The Year of Expectations: Converting Uncertainty into Opportunity

Josef Sheehama

This time of the year is always an opportunity to reflect on what is most important.

For his part, president Hage Geingob has declared 2024 ‘The Year of Expectations’.

As Namibia heads towards general elections, there is pressure on political leaders to tackle economic challenges and implement policies that will deliver an inclusive and competitive economy.

The economy plays an important role in presidential and national assembly elections, as voters often determine their satisfaction with the incumbent administration based on perceptions of how well the economy is doing.

Unlocking big, bold investments can drive sustainable development and climate action and put the Namibia economy on a stronger growth path for all.

However, factors such as higher interest rates and increased unemployment contribute to the uncertainty surrounding Namibia’s economic trajectory.

To address these challenges, policymakers must focus on strategies to stimulate growth and reduce inequality.

Moreover, social rifts could increase ahead of the November elections and undermine momentum, given the heightened stakes of this year’s elections.


The economy will grow at a softer pace in 2024 and inflation will continue to eat into consumers’ pockets.

Economic growth is officially projected to contract by 0.5% in 2024, bringing it to 3,4% after a growth forecast of 3,9% in 2023.

The Africa Development Bank projected Namibia’s Real GDP to grow by 3.5% in 2023 and 3% in 2024 because of economic recovery, particularly in diamond processing and exports, as well as increased consumption in wholesale and retail trade and tourism.

The fiscal deficit is projected to decline.

The country’s trade balance deficit is still high despite an improvement in exports. Therefore, Namibia should consider implementing policies that promote domestic production and reduce reliance on imports.

In addition, the lack of sufficient, productive and decent jobs complicates efforts to end poverty.

The high public debt is an impediment to sustainable economic growth and employment creation.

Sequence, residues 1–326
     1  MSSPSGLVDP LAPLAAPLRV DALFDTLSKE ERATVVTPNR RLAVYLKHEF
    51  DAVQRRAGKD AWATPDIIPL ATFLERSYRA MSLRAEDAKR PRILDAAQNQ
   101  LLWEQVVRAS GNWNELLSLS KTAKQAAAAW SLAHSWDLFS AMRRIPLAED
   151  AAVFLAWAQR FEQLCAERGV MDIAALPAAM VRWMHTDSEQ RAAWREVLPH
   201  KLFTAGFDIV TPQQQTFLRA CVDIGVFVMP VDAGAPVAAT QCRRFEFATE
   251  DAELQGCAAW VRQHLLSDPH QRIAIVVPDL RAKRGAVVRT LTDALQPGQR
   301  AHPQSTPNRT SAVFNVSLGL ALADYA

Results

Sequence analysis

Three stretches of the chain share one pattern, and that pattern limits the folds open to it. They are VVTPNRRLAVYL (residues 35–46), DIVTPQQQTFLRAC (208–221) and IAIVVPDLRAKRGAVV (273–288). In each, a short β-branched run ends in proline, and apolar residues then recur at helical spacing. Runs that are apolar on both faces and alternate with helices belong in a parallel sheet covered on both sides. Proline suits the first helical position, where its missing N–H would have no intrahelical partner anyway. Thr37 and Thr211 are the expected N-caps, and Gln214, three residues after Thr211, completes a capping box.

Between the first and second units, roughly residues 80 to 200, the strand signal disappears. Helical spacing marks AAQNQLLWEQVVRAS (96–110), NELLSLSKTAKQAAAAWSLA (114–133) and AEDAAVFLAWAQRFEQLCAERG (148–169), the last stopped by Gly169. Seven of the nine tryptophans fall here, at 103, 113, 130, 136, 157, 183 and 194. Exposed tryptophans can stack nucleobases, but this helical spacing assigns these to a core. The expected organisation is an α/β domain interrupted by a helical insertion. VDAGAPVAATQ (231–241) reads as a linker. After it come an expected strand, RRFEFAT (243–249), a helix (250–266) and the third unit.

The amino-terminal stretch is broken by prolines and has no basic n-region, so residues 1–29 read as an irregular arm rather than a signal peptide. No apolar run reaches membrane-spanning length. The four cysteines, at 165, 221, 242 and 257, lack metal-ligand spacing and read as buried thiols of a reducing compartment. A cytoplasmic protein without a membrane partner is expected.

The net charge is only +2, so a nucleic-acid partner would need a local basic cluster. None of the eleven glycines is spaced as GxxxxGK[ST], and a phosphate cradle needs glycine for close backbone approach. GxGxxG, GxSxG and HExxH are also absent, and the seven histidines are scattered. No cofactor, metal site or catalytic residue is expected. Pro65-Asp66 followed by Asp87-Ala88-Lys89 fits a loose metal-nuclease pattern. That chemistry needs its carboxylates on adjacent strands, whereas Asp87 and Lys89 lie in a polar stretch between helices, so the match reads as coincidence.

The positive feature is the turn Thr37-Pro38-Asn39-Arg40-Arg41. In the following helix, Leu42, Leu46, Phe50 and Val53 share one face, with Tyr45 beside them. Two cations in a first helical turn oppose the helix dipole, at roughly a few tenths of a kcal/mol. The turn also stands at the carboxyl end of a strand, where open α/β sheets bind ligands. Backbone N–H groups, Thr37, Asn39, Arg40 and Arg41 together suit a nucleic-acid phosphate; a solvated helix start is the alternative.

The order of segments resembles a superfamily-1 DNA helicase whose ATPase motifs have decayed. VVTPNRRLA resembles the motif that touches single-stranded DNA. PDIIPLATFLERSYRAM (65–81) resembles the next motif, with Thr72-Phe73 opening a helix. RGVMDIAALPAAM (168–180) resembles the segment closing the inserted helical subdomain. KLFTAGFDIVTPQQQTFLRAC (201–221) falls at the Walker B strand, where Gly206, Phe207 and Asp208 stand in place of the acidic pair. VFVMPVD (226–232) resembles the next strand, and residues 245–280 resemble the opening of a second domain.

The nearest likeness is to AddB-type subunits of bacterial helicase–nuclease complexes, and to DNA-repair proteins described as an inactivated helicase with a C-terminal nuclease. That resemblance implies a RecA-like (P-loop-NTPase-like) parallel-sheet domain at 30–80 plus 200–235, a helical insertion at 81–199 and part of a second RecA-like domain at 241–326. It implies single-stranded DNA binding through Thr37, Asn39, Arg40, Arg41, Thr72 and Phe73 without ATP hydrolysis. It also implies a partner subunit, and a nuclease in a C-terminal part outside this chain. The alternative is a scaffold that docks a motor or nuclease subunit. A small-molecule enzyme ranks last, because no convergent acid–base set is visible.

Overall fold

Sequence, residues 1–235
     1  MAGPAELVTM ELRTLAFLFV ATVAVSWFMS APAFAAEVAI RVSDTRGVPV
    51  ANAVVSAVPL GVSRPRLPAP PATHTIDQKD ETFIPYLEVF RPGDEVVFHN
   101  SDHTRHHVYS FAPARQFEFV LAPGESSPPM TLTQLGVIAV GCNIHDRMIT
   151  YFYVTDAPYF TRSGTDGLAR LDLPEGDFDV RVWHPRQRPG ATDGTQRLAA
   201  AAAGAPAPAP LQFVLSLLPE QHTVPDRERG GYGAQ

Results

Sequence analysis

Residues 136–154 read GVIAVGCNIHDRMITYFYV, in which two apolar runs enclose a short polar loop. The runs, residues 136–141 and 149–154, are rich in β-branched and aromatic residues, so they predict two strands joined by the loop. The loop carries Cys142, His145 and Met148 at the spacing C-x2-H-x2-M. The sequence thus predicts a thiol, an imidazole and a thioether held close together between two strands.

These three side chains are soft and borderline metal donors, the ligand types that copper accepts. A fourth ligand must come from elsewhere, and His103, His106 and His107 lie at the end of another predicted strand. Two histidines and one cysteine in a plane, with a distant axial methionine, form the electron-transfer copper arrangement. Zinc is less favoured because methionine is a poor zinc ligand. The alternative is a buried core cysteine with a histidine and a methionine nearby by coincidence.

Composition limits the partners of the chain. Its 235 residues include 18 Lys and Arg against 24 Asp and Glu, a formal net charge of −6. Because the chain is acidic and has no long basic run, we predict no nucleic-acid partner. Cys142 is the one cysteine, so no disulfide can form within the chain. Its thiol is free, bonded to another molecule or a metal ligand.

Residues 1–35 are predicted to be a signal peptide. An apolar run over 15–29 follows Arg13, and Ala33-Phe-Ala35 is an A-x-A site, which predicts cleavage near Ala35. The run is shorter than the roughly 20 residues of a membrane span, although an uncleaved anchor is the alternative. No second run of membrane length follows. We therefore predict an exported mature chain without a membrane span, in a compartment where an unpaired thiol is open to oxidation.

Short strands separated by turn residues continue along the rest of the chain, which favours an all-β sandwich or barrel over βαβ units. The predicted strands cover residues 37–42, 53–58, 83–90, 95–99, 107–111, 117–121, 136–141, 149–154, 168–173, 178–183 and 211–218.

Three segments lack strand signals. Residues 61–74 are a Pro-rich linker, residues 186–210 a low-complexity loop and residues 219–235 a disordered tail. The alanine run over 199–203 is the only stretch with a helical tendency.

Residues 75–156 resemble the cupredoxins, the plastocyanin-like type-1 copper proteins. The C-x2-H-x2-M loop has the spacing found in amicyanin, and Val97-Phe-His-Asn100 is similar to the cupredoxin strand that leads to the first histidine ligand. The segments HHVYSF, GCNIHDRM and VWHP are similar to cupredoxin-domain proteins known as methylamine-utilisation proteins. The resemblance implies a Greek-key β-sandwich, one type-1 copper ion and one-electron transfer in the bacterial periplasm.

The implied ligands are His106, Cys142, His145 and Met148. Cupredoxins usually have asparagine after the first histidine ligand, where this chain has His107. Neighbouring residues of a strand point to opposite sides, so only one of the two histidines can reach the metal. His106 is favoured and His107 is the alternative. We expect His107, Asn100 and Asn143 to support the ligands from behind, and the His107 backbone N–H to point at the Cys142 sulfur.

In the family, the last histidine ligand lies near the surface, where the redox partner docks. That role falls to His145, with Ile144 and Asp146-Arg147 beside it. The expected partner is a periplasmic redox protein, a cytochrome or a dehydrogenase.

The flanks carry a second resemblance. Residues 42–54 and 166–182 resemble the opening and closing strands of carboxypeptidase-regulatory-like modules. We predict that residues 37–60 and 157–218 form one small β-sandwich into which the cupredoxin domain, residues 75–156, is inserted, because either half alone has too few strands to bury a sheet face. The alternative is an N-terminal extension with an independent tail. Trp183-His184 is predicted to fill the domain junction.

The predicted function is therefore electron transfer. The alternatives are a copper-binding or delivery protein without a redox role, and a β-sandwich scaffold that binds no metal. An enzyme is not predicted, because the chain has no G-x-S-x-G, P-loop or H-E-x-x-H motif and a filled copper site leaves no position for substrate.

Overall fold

The cost of servicing debt continues to crowd out fiscal resources that could have been invested in critical social services such as healthcare and education.

Pessimism about the outlook creates a downside risk for recovery and suggests policymakers should be wary of removing support measures too rapidly.

There has been improved spending in critical sectors such as education, healthcare and infrastructure.

The most important thing to keep in mind is that economic outcome variance globally has radically increased, fuelled by the war in Ukraine and Gaza.


Attaining economic prosperity in 2024 depends on the ability to formulate policies as a vehicle to upgrade the open markets.

Policymakers should work together and inspire action to meet Namibia’s commitment to leave no one behind in implementing the Sixth National Development Plan (NDP6).

It is imperative to reflect on previous NDPs’ shortcomings by coming up with well-researched and well-reasoned mechanisms that prioritise and synchronise activities to yield the desired results and avoid the economy faltering.

NDP6 could integrate the flexibility inherent in the informal sector into the formal sector – such as economic diversification, industrialisation, sustainable economic growth and investment – as well as social concerns like inequality, poverty, and well-being.

Linking informal targets and NDPs can provide a basis for inter-sectoral partnership during implementation.

We should look at our failures as a necessary stepping stone to achieve our desired goals, not as a deterrent to not try again.

Therefore, real solutions can’t come from the pessimists among us, but from those prepared to face the uncertainty of the future and willing to overcome the fear of failure.

The Industrial Policy should be revisited or reformed to incorporate the informal economy.

Current industrial policy narratives have tended to either neglect the informal economy or even view it as potentially threatening to the formal economy, needing elimination and control rather than support and investment for inclusive structural economic transformation.

Recognising the precarious nature of the informal economy has also brought attention to its resilience and creative energy to cope and adapt to change.

It is an untapped engine of innovation and growth worthy of policy attention, investment and support.


Oil discoveries in Namibia are likely to bring in an equivalent of N$53 billion in revenue for the state, a global consultancy group has estimated.

This will significantly improve energy security in a nation that relies heavily on petroleum imports.

The development of a consistent domestic energy supply will prove critical for the economy while reducing imports from neighbouring countries.

It is important to note that green hydrogen can create more space for renewables by driving electrolysis with energy that would otherwise be curtailed.

Namibia’s agricultural sector needs serious reforms and an increase in public investment.

To reach these goals, developing skills and knowledge is a key cross-cutting and value-adding strategy.

Globalisation means Namibia has to diversify its economy to be able to viably compete.

We are also living in a time of exciting technological innovations.

Namibia must realistically anticipate and be positioned to harness the opportunities of the Fourth Industrial Revolution (4IR) and adopt appropriate policies.

In conclusion, policymakers should look to build resilience and remain growth-minded despite a volatile economic backdrop.

More than ever, it’s important to be proactive, seek a better understanding of the outlook and discover how to turn potential pitfalls into prospects.

  • Josef Kefas Sheehama is a business and economics researcher.

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